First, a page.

Without ID, with­out fam­ily

Gaut­eng health plans to re­move 1 726 state psy­chi­atric pa­tients from pri­vate care ... but where to?

CityPress - - News - SU­SAN COM­RIE in­ves­ti­ga­tions@city­press.co.za

Zibu­siso Ng­wenya (19) was three years old when he was di­ag­nosed with autism. “Zibu­siso has never been able to live a nor­mal life like other peo­ple,” his fa­ther Joseph ex­plains in an af­fi­davit. “He just be­comes an­gry with­out warn­ing. He will of­ten de­stroy things like win­dows, tele­vi­sions or other items in the house.

“Zibu­siso has on nu­mer­ous oc­ca­sions at­tempted to jump out of the win­dows of our home. We live on the 10th floor.”

Joseph Ng­wenya is one of 13 fam­ily mem­bers – mostly par­ents – of in­tel­lec­tu­ally dis­abled and chronic psy­chi­atric pa­tients who filed af­fi­davits just be­fore Christ­mas in the South Gaut­eng High Court.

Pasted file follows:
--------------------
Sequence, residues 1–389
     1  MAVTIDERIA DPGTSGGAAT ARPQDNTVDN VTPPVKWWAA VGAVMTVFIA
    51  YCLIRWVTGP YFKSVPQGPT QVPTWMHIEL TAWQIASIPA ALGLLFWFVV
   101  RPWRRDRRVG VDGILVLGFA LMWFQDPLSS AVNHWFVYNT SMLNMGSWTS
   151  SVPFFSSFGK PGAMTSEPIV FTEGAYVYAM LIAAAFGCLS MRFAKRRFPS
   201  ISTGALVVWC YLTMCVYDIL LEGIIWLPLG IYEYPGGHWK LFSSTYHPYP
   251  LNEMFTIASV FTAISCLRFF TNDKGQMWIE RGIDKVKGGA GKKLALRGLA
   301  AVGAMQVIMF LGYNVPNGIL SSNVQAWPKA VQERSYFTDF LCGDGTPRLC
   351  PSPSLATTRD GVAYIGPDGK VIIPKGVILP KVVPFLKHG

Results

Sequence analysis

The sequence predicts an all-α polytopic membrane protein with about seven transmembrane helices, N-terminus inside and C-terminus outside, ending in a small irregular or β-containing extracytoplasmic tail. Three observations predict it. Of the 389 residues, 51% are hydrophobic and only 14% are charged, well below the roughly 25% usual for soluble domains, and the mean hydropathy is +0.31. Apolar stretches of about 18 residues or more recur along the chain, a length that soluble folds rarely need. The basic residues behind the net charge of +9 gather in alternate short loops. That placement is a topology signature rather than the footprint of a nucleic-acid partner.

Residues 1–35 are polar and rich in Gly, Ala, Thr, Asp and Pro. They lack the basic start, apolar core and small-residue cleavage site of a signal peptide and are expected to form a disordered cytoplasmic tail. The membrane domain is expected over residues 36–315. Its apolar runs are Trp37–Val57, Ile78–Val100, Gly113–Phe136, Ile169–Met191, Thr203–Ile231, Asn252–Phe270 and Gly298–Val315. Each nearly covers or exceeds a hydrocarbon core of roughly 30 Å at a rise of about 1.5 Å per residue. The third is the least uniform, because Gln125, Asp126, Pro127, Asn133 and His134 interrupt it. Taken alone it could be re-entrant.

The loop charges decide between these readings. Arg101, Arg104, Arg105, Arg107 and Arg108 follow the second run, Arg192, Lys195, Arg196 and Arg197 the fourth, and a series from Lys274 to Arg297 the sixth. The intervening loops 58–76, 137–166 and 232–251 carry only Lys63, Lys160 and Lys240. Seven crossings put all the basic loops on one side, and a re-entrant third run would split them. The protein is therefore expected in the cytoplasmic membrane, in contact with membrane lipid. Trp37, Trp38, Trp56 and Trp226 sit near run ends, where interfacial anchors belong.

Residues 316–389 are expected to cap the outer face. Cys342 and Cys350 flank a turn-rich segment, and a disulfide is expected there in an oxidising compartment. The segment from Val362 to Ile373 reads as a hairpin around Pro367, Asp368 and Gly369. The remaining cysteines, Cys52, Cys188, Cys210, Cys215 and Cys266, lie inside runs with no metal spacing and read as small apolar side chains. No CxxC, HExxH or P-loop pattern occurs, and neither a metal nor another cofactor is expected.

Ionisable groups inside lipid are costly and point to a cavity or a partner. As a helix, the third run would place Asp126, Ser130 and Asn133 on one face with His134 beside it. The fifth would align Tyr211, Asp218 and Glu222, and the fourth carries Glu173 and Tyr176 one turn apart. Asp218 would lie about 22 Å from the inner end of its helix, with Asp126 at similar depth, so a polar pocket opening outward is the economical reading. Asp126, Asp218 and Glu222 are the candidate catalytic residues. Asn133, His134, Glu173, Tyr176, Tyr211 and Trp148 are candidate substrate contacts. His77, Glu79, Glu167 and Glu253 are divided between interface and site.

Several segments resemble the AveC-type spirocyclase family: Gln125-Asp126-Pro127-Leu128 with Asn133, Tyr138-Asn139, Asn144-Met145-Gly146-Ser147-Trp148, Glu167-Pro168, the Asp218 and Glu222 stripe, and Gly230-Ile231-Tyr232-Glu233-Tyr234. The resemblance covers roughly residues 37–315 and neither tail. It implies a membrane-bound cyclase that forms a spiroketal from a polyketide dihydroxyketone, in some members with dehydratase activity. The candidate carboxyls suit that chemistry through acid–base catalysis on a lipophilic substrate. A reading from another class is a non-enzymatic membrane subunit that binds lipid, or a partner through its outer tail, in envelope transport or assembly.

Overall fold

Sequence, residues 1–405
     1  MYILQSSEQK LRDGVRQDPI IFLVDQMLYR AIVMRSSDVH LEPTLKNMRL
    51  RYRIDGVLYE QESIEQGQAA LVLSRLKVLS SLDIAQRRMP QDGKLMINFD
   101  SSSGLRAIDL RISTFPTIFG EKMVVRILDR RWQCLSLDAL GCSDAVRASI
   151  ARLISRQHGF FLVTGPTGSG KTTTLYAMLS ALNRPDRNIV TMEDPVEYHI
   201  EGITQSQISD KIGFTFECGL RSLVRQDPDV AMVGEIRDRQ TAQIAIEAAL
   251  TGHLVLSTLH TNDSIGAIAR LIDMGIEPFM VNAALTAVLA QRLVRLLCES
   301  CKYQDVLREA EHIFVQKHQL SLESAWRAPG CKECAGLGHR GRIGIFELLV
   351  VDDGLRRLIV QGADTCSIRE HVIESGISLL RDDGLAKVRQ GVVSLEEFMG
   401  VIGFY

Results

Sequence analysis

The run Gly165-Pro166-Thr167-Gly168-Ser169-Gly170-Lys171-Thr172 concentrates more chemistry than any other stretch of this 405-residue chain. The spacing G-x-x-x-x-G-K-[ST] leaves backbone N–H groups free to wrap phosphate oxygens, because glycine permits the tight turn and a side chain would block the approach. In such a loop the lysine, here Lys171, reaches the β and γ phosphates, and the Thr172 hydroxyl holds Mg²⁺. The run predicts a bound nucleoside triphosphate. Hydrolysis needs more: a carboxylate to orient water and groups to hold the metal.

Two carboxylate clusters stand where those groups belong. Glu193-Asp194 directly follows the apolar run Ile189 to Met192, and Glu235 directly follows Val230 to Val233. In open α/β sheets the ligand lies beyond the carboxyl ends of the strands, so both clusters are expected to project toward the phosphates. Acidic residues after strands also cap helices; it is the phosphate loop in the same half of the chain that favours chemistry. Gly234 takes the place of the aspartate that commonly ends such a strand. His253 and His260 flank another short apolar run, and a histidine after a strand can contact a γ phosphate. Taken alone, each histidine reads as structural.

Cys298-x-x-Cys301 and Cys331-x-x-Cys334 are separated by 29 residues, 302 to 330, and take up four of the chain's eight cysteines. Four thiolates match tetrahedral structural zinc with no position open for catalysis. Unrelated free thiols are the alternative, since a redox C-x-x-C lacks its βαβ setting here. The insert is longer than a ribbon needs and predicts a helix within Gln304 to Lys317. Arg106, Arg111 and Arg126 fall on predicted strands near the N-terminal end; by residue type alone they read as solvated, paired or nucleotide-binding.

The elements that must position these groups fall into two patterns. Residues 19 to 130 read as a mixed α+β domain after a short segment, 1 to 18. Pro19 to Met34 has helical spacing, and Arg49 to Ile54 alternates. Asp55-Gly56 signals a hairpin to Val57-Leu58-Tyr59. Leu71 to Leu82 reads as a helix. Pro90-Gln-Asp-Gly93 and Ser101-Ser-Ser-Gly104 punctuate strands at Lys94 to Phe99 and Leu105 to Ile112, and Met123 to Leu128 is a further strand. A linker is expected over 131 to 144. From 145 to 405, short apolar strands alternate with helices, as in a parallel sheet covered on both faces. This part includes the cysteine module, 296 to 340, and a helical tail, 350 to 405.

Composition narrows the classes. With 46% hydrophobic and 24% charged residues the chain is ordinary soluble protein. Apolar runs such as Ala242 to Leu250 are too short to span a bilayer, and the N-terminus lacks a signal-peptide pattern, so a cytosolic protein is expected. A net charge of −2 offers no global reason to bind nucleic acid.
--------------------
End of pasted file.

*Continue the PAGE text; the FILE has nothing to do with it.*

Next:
The af­fi­davits form part of an ur­gent in­ter­dict ap­pli­ca­tion brought by the SA De­pres­sion and Anx­i­ety Group (Sadag), the SA Fed­er­a­tion for Men­tal Health and the SA So­ci­ety of Psy­chi­a­trists.

To­gether with the fam­i­lies, they are de­mand­ing to know what will hap­pen to pa­tients like Zibu­siso af­ter the Gaut­eng de­part­ment of health made a de­ci­sion to re­move 1 726 state pa­tients from Life Esidi­meni’s four pri­vate hos­pi­tals by the end of March.

An­nounc­ing the de­ci­sion in Oc­to­ber, Gaut­eng health MEC Qedani Mahlangu said: “As a de­part­ment, we want to re­duce psy­chi­atric pa­tients at fa­cil­i­ties by dis­charg­ing all those who are re­spond­ing well to treat­ment, in­te­grate them back into com­mu­ni­ties and af­ford them treat­ment at their re­spec­tive homes.”